Part of being a good writer is being a good reader
After what can only be described as voracious reading of fiction and fantasy as a child, I lost reading for pleasure as an adult and switched only to “productive” reading. Self help. Motivation. Business building. Personal development.
After several years, I let myself read fiction again. I read Outlander for a book club and consumed the rest of the series, my childhood appetite for fantasy rushing back.
I switch back and forth now in a relatively 50/50 split between stuff to make my brain smarter and stuff to make my brain relax and have fun.
They’re both necessary for me to be the best writer I can.
These are the books that defined my 2019
- The F*ck It Diet by Caroline Dooner
This book was the single most important book of the year for me, and honestly for every single person in the world. Go read this book. Caroline’s work changed me. I finally stopped hurting myself in the name of weight loss and thinness. I understood fatphobia and diet culture in a way I never had before. This book may have literally saved my life.
The F*ck It Diet provided the paradigm shift I needed to see the truth about my body and the fact that it’s okay to exist in it.
2. Health at Every Size by Linda Bacon, Ph.D.
Before and after TFID arrived at my doorstep, I decided to read up on other body positive books. Health at Every Size helped solidify what Caroline Dooner had already begun to teach me: my body isn’t inherently unhealthy because it’s fat. I remember calling my sister in a rage while I was listening to it, angry at the lies that had been told to me as fact about my body for 30 years. Everyone should read this book.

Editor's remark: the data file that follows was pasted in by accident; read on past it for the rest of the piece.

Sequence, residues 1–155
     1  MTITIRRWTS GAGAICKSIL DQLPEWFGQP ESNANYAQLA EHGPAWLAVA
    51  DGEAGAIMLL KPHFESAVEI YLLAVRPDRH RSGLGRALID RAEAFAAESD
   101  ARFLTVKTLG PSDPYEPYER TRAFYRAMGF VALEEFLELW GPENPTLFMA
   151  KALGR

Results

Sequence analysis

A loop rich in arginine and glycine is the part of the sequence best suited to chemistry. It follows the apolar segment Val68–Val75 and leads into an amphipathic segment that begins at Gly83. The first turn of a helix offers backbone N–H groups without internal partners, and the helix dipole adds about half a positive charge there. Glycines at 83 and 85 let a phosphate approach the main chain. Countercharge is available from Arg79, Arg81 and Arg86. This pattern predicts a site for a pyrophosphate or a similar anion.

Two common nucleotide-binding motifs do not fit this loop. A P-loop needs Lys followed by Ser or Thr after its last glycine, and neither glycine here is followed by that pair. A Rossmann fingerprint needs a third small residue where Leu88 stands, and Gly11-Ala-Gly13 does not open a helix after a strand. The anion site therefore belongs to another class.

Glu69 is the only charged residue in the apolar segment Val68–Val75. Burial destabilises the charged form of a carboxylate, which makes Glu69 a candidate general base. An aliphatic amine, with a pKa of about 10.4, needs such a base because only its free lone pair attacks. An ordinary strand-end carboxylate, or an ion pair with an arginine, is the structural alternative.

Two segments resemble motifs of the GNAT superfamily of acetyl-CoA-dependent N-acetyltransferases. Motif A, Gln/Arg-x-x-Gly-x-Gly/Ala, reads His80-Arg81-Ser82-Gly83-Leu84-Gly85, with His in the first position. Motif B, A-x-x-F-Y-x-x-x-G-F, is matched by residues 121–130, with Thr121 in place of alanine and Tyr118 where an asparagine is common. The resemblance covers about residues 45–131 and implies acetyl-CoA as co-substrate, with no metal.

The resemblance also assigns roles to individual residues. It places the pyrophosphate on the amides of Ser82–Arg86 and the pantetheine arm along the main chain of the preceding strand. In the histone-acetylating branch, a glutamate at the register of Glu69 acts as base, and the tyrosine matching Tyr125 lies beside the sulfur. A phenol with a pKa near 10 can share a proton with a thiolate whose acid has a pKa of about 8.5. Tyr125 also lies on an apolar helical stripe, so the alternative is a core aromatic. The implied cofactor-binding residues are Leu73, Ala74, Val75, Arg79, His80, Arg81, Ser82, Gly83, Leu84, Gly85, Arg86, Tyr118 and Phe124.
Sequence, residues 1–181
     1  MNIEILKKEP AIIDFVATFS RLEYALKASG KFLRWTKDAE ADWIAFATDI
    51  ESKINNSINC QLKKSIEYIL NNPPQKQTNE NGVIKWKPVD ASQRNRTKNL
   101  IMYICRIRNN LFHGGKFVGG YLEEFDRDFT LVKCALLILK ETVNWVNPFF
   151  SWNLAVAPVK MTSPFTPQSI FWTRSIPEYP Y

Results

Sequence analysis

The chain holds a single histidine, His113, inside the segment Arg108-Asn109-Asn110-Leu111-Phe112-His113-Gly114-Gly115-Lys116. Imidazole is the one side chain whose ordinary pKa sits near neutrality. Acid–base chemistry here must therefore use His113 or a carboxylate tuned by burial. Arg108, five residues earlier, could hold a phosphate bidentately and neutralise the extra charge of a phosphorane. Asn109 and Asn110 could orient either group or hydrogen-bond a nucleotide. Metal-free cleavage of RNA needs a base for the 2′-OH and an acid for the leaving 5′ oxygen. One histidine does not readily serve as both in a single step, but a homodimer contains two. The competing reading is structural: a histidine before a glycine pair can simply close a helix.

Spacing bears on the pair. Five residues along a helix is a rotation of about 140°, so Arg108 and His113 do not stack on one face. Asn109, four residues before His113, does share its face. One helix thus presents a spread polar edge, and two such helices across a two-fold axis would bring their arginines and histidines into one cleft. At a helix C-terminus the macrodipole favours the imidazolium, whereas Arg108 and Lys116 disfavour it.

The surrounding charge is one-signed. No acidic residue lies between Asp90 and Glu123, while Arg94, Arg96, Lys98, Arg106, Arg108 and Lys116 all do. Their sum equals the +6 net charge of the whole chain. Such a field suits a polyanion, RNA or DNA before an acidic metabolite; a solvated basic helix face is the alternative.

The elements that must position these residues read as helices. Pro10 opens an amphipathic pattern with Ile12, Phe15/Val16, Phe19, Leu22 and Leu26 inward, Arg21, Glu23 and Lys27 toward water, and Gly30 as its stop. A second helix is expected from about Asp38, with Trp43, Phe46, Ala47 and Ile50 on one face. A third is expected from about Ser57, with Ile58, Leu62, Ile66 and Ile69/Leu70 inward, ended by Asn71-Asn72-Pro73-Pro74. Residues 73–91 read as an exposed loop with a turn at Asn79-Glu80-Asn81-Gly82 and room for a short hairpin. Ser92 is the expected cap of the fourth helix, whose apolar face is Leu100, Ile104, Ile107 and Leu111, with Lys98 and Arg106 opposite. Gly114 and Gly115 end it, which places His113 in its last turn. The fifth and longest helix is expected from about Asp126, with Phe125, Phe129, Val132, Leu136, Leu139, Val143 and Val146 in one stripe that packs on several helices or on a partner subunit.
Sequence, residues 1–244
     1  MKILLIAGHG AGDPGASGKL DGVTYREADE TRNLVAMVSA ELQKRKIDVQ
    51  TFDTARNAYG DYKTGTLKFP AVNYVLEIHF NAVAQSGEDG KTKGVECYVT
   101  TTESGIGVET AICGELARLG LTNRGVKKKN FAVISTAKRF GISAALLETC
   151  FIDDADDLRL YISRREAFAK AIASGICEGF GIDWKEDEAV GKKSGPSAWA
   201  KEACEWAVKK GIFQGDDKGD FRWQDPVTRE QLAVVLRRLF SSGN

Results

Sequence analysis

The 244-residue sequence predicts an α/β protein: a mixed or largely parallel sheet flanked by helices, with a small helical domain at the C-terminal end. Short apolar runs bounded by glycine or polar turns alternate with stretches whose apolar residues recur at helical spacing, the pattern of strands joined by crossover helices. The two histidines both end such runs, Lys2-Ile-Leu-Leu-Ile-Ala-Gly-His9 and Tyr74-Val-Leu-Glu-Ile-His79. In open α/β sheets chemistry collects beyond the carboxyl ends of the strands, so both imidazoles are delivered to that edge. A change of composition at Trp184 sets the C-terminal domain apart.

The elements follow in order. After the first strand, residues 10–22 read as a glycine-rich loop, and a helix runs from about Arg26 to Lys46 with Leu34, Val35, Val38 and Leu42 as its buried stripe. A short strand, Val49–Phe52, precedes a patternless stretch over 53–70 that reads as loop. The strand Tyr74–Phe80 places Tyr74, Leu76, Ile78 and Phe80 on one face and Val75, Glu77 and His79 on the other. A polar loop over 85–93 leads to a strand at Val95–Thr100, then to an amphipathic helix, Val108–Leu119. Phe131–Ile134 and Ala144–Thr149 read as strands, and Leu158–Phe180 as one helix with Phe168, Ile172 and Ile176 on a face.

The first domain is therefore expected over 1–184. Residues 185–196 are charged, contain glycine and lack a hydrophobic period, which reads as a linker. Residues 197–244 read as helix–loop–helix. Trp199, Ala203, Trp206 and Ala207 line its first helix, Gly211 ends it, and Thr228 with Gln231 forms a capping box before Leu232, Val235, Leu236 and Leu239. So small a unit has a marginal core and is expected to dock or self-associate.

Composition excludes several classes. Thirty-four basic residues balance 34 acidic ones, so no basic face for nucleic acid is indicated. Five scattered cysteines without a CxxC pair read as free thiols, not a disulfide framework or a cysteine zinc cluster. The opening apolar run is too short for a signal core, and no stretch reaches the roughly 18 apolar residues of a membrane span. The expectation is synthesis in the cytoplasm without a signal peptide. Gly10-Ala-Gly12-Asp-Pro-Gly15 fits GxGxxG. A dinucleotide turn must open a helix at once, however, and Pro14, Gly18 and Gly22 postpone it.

3. Dietland by Sarai Walker
I heard about Dietland on the Unladylike podcast and felt compelled to read it right away. This fiction novel follows the life of Plum, a lifelong dieter who is saving up for weight loss surgery. She goes on a whirlwind adventure and makes a bunch of new feminist friends, while the narrative weaves back and forth between Plum and a series of murders that appear to implicate a new friend. It was a delightful read (even with the murdery bits) that has stuck with me all year. Highly recommend.
4. Getting Past Your Past by Francine Shapiro, Ph.D.
Like TFID helped me see the ways I was stuck in diet culture self-talk, Getting Past Your Past helped me see the ways my trauma manifests in repeated patterns linked through a lifetime of unprocessed memories. Francine Shapiro, who died in June this year, developed the EMDR method of trauma processing therapy. Just reading the book helped me start viewing my trauma in a new light, and entering EMDR therapy has helped me process my eating disorder, my abusive marriage, and traumatic memories from childhood emotional abuse.
5. The Gaslighting of the Millennial Generation by Caitlin Fisher
In 2016, I wrote a blog post about an idea I couldn’t get out of my head: The idea that millennials as a whole were being systematically gaslit by older generations and the capitalist systems at play in our country. In 2019, I published my debut book of the same title. Each chapter highlights an aspect of society that our generation has supposedly undermined and destroyed, with advice on how to keep killin’ it on a regular basis.
Maybe some parts of society suck and deserve to be dismantled.
6. The Body Keeps the Score by Bessel Van Der Kolk